• When the master visited the vineyard the third time, what had happened to all the fruit? (See Jacob 5:29–32, 37–42.) What do the many kinds of corrupt fruit symbolize? (Universal apostasy.) What caused the apostasy? (See Jacob 5:37, 40, 48.) What might the “loftiness” of the vineyard symbolize? How can our own loftiness, or pride, prevent us from bearing good fruit?

  • What does the master’s response to his corrupted vineyard tell us about the Lord’s feelings for His people? (See Jacob 5:41, 47.) How does knowing that the Lord loves you make a difference in your life?

    You may want to point out other verses that illustrate the Lord’s love for us. Some suggestions are given below:

    1. “I will prune it, and dig about it, and nourish it, that … it perish not” (Jacob 5:4).

    2. “It grieveth me that I should lose this tree” (Jacob 5:7).

    3. “What shall we do unto the tree, that I may preserve again good fruit thereof unto mine own self?” (Jacob 5:33).

    4. “I may have joy again in the fruit of my vineyard” (Jacob 5:60).

  • What did the master decide to do to save his corrupted vineyard? (See Jacob 5:49–54, 58, 62–64. He decided to nourish and prune the vineyard once more and graft some of the transplanted branches back into the original tree.) What does this final nourishing, pruning, and grafting represent? (See 1 Nephi 10:14; 2 Nephi 29:14; D&C 33:3–6. The Restoration of the gospel and the gathering of scattered Israel.)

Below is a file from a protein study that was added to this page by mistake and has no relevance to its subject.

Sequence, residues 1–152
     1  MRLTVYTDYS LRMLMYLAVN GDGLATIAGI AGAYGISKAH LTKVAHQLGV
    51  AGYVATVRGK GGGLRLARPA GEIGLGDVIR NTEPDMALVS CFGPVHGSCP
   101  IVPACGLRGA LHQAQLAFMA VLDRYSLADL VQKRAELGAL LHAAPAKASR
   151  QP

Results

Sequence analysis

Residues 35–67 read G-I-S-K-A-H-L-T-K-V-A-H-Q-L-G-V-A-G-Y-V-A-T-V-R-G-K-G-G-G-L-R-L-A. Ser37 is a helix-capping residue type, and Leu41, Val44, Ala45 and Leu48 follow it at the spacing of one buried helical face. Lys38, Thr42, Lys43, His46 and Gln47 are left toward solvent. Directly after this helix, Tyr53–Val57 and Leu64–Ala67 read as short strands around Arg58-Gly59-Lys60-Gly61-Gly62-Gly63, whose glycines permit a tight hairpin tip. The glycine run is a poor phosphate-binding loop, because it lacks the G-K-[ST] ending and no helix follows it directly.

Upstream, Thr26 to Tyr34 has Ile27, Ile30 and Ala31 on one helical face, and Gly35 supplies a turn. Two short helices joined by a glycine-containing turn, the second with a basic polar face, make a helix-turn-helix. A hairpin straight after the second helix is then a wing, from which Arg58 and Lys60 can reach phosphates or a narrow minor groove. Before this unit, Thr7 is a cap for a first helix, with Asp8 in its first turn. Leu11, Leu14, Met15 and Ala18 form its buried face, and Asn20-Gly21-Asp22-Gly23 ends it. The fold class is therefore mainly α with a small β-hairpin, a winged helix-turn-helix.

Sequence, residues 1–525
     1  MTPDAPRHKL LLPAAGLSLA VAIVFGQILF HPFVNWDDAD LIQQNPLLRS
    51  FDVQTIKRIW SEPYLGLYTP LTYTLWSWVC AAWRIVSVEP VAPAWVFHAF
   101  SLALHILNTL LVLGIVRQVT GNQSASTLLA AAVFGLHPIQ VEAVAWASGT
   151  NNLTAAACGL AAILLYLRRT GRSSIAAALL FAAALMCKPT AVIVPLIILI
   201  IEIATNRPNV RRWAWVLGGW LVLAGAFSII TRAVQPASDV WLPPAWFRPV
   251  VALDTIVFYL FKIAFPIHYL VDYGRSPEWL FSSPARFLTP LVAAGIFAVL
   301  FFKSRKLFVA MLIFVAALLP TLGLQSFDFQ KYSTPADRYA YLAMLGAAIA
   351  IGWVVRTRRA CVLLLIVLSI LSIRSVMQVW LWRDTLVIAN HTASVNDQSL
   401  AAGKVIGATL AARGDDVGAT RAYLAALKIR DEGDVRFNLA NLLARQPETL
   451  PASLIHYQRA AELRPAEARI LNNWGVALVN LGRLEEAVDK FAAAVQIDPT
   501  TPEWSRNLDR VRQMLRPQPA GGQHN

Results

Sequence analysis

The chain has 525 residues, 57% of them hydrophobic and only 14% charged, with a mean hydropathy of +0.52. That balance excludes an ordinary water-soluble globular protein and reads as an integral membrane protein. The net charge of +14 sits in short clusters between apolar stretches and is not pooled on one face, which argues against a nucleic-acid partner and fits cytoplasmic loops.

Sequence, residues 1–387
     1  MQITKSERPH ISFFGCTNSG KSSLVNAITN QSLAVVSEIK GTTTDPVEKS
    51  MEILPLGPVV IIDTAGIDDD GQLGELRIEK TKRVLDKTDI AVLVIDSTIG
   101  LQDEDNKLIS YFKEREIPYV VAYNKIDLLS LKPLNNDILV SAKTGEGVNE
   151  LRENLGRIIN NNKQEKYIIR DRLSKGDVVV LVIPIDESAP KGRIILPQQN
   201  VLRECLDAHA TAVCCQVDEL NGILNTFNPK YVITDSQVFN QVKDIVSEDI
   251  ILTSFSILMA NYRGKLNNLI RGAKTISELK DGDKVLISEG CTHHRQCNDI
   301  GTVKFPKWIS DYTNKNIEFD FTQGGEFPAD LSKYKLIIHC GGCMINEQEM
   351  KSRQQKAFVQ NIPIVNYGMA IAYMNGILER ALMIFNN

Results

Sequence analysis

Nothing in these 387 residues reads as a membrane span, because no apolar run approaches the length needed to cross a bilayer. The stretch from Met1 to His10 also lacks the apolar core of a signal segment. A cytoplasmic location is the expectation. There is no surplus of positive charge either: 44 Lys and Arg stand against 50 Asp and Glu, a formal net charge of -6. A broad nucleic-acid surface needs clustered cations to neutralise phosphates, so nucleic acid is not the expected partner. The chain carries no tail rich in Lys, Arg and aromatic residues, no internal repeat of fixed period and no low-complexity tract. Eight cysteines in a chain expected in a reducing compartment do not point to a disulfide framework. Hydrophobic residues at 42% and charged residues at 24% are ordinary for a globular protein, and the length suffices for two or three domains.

• Who are the “other servants” mentioned in Jacob 5:61, 70? (See D&C 133:8.) Although these servants are few, what are the results of their efforts? (See Jacob 5:71–75.) How can we help in this final nourishing, pruning, and grafting in the Lord’s vineyard?

2. Jacob exhorts his listeners to repent and follow Christ.

Read and discuss selected verses from Jacob 6.

  • What did Jacob prophesy after relating Zenos’s allegory? (See Jacob 6:1.) What time period did Jacob refer to in Jacob 6:2? (The latter days.) What does this tell us about the relevance of Zenos’s allegory to us?

  • Have a class member read Jacob 6:4–5 aloud. What do these verses teach about how the Savior will recover Israel in the last days?